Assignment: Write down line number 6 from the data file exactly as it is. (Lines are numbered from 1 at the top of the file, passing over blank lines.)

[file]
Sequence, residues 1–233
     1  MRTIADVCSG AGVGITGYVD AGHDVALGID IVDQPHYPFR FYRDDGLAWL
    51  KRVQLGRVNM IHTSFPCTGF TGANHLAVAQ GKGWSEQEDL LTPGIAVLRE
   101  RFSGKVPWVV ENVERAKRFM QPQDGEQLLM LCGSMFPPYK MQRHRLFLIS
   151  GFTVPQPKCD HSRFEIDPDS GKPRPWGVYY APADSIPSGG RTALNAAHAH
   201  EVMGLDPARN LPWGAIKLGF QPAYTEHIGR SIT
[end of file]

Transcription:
   201  EVMGLDPARN LPWGAIKLGF QPAYTEHIGR SIT